Government rejects recommendation to compensate locked-out residents

The Victorian government has rejected the Ombudsman's recommendation that it compensate residents who were "inhumanely" shut out of the state during last year's COVID-19 lockdown.

The government ruled it would not offer compensation back in May, however the decision has only just come to light, as it was published on an obscure part of a government website.

Thousands of Victorians were locked out of the state on July 23, 2021, when the state government closed the NSW border for the first time in 100 years due to the large outbreak of COVID-19 in NSW.

The Victorian Ombudsman investigated how the government handled the border closure, and tabled recommended actions for the government to take, including the suggestion that the government consider financially compensating those affected, in parliament in December.

Victorian Ombudsman Deborah Glass' investigation found that the border closure process led to "some of the most questionable decisions (she had) seen in (her) over seven years as Ombudsman", leading to a "torrent of anger and grief".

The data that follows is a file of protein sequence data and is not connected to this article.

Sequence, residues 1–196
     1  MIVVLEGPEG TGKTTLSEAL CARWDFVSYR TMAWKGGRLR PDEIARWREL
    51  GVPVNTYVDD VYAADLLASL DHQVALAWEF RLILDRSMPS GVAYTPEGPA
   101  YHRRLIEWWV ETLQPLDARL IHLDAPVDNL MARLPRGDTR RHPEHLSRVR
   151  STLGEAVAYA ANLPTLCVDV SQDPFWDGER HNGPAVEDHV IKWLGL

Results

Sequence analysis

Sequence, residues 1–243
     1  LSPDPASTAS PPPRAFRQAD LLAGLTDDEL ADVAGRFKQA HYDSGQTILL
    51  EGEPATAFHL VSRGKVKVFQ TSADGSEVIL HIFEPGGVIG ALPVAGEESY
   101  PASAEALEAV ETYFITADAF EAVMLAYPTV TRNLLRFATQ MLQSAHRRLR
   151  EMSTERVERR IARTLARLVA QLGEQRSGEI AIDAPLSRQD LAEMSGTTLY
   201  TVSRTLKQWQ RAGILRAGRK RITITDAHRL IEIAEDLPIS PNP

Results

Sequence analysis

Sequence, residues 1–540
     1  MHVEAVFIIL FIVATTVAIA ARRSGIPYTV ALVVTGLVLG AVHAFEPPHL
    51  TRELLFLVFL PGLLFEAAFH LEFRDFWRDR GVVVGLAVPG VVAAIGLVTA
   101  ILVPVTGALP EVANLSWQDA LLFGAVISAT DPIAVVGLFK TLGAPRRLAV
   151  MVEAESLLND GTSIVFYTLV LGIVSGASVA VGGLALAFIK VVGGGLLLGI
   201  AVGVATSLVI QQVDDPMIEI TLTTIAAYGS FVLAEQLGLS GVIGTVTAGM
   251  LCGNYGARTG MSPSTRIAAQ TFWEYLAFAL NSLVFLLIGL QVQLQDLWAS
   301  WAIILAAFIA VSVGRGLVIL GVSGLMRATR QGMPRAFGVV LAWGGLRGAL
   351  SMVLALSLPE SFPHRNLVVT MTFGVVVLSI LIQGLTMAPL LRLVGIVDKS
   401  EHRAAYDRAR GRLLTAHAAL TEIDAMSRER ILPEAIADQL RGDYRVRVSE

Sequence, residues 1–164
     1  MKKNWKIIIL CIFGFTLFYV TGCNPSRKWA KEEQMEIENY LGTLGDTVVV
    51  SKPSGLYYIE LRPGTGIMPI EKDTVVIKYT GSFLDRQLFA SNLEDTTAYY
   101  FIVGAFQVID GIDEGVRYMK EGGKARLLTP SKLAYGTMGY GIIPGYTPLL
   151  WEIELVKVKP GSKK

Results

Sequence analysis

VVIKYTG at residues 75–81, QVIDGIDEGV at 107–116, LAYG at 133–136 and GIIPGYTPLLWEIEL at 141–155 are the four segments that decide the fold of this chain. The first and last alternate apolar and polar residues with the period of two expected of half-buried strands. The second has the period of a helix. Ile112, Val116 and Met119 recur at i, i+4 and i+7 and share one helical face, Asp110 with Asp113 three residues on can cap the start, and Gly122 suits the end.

"The closure of Victoria's borders in July 2021 impacted thousands of Victorians in ways few, if any, could ever have contemplated," her report read.

It explained that on July 20, 2021, Victorian residents in red zones were given 12 hours to cross the border, which was "an impossibility for many, especially the elderly or those with young children in remote parts of NSW", before the lockout began on July 23.

Only people with valid exemptions were then allowed to return to Victoria.

The Ombudsman said complaints she received about people not granted an exemption were "heartbreaking", including people who had travelled to visit ill relatives and people made homeless because their homes were in Victoria.